But admitting it to be properly a question of majorities, even then a political campaign is the last resort. A successful campaign may secure the repeal of the law, but a successful campaign by the other side may at any time secure the re-enactment of the law. Whereas, if a favorable decision of the Supreme Court be given, that kills the law, and every other like it, forever. If, however, the Court should sustain the law, then a campaign issue would be in order.
We are free to say, that we sincerely hope, that, by whatever means it may be, the Bennett Law and its counterpart in Illinois may be so effectually swept away that in practice they may never be heard of more. Yet at the same time we are also free to say that we think the opponents of these laws have made a serious mistake in the method to be employed. The Lutherans and the Roman Catholics in these two States have started upon a course which they will find to be attended with large possibilities of mischief—possibilities of mischief scarcely less if they succeed, than if they fail in the present campaign.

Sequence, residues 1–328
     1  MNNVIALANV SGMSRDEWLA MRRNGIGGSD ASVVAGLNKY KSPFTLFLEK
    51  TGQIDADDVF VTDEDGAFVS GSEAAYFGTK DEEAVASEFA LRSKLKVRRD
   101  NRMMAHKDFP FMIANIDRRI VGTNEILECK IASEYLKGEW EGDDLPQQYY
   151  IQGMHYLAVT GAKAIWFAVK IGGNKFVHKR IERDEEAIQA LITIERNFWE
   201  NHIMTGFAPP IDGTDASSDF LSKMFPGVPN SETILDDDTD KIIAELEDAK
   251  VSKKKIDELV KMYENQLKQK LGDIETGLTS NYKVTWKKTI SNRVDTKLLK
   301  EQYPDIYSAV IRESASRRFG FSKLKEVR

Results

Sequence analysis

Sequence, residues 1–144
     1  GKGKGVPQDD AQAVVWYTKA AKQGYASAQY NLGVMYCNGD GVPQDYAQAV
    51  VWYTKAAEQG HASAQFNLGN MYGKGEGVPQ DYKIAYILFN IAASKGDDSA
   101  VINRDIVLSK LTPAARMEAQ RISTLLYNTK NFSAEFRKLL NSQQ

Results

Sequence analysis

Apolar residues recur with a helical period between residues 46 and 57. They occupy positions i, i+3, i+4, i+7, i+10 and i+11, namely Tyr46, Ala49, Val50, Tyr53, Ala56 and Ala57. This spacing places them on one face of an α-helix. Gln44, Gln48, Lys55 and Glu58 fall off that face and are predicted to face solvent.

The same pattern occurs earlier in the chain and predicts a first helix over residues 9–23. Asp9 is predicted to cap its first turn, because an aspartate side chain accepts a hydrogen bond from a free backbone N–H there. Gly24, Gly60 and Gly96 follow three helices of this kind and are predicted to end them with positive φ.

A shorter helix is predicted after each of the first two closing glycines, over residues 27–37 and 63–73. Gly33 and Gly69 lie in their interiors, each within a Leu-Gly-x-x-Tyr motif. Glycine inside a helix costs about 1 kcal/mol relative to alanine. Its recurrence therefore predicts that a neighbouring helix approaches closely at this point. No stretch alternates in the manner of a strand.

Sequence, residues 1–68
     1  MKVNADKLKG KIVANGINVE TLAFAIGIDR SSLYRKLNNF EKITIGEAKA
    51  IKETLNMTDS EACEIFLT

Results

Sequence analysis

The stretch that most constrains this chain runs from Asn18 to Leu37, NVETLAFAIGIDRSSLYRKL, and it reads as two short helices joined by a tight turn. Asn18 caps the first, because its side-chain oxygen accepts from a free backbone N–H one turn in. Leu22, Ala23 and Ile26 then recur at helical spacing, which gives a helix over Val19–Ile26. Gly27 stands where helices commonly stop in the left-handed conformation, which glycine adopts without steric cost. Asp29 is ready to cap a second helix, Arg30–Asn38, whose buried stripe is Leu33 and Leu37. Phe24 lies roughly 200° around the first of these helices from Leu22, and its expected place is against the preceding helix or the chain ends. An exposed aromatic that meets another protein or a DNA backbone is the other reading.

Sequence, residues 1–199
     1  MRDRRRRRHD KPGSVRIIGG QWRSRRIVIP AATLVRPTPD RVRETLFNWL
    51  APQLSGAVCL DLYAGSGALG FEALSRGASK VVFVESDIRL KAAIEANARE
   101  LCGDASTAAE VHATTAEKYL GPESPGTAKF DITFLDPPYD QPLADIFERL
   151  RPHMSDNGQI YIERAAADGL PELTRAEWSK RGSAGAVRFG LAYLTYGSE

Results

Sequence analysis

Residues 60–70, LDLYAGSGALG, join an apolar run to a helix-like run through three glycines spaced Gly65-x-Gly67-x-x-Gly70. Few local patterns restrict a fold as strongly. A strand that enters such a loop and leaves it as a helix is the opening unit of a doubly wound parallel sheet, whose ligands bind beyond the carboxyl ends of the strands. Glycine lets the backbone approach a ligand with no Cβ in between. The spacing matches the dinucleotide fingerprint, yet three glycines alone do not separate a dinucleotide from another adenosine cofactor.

A. T. J.